时间：02-29 来源：转载自澎湃新闻 浏览量：2664
From an inside pocket of his black overcoat he pulled a slightly squashed box. Harry opened it with trembling fingers. Inside was a large, sticky chocolate cake with Happy Birthday Harry written on it in green icing.
The whole shack shivered and Harry sat bolt upright, staring at the door. Someone was outside, knocking to come in.
Harry looked down at his empty gold plate. He had only just realized how hungry he was. The pumpkin pasties seemed ages ago.
It didn't come... he kept on running... he opened his eyes. A scarlet steam engine was waiting next to a platform packed with people. A sign overhead said Hogwarts Express, eleven O'clock. Harry looked behind him and saw a wrought-iron archway where the barrier had been, with the words Platform Nine and Three-Quarters on it, He had done it.
In the back of the shop, a boy with a pale, pointed face was standing on a footstool while a second witch pinned up his long black robes. Madam Malkin stood Harry on a stool next to him) slipped a long robe over his head, and began to pin it to the right length.
They were going even deeper now and gathering speed. The air became colder and colder as they hurtled round tight corners. They went rattling over an underground ravine, and Harry leaned over the side to try to see what was down at the dark bottom, but Hagrid groaned and pulled him back by the scruff of his neck.
"Shut up," said Ron.
"Blimey, Harry, I keep forgettin' how little yeh know -- not knowin' about Quidditch!"
"I'm sorry to say I sold the wand that did it," he said softly. "Thirteen-and-a-half inches. Yew. Powerful wand, very powerful, and in the wrong hands... well, if I'd known what that wand was going out into the world to do...."
"It was, sir, yes," said Hagrid.
Even worse than Peeves, if that was possible, was the caretaker, Argus Filch. Harry and Ron managed to get on the wrong side of him on their very first morning. Filch found them trying to force their way through a door that unluckily turned out to be the entrance to the out-of-bounds corridor on the third floor. He wouldn't believe they were lost, was sure they were trying to break into it on purpose, and was threatening to lock them in the dungeons when they were rescued by Professor Quirrell, who was passing.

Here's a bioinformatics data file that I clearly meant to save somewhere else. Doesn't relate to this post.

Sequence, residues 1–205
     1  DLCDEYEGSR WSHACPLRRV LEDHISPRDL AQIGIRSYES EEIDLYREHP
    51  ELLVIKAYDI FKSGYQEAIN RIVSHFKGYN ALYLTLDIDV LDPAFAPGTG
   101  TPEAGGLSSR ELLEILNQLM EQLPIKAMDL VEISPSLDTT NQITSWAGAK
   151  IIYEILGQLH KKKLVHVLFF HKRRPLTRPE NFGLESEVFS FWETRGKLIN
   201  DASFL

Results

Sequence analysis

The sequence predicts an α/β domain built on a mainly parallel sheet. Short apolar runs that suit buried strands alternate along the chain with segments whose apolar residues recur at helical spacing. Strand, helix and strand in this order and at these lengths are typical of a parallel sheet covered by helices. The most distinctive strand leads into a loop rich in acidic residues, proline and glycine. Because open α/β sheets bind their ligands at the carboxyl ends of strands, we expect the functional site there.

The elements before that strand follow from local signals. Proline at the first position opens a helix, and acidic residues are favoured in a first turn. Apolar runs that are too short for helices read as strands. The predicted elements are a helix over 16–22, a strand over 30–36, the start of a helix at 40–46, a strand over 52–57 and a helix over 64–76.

"Make it move," he whined at his father. Uncle Vernon tapped on the glass, but the snake didn't budge.
The keeper of the reptile house was in shock.
What looked like the oldest boy marched toward platforms nine and ten. Harry watched, careful not to blink in case he missed it -- but just as the boy reached the dividing barrier between the two platforms, a large crowd of tourists came swarming in front of him and by the time the last backpack had cleared away, the boy had vanished.
Hagrid was so huge that he parted the crowd easily; all Harry had to do was keep close behind him. They passed book shops and music stores, hamburger restaurants and cinemas, but nowhere that looked as if it could sell you a magic wand. This was just an ordinary street full of ordinary people. Could there really be piles of wizard gold buried miles beneath them? Were there really shops that sold spell books and broomsticks? Might this not all be some huge joke that the Dursleys had cooked up? If Harry hadn't known that the Dursleys had no sense of humor, he might have thought so; yet somehow, even though everything Hagrid had told him so far was unbelievable, Harry couldn't help trusting him.
She pulled the door wide. The entrance hall was so big you could have fit the whole of the Dursleys' house in it. The stone walls were lit with flaming torches like the ones at Gringotts, the ceiling was too high to make out, and a magnificent marble staircase facing them led to the upper floors.,
Something really extraordinary had to be inside this top security vault, Harry was sure, and he leaned forward eagerly, expecting to see fabulous jewels at the very least -- but at first he thought it was empty. Then he noticed a grubby little package wrapped up in brown paper lying on the floor. Hagrid picked it up and tucked it deep inside his coat. Harry longed to know what it was, but knew better than to ask.;
Hagrid wouldn't let Harry buy a solid gold cauldron, either ("It says pewter on yer list"), but they got a nice set of scales for weighing potion ingredients and a collapsible brass telescope. Then they visited the Apothecary, which was fascinating enough to make up for its horrible smell, a mixture of bad eggs and rotted cabbages. Barrels of slimy stuff stood on the floor; jars of herbs, dried roots, and bright powders lined the walls; bundles of feathers, strings of fangs, and snarled claws hung from the ceiling. While Hagrid asked the man behind the counter for a supply of some basic potion ingredients for Harry, Harry himself examined silver unicorn horns at twenty-one Galleons each and minuscule, glittery-black beetle eyes (five Knuts a scoop).。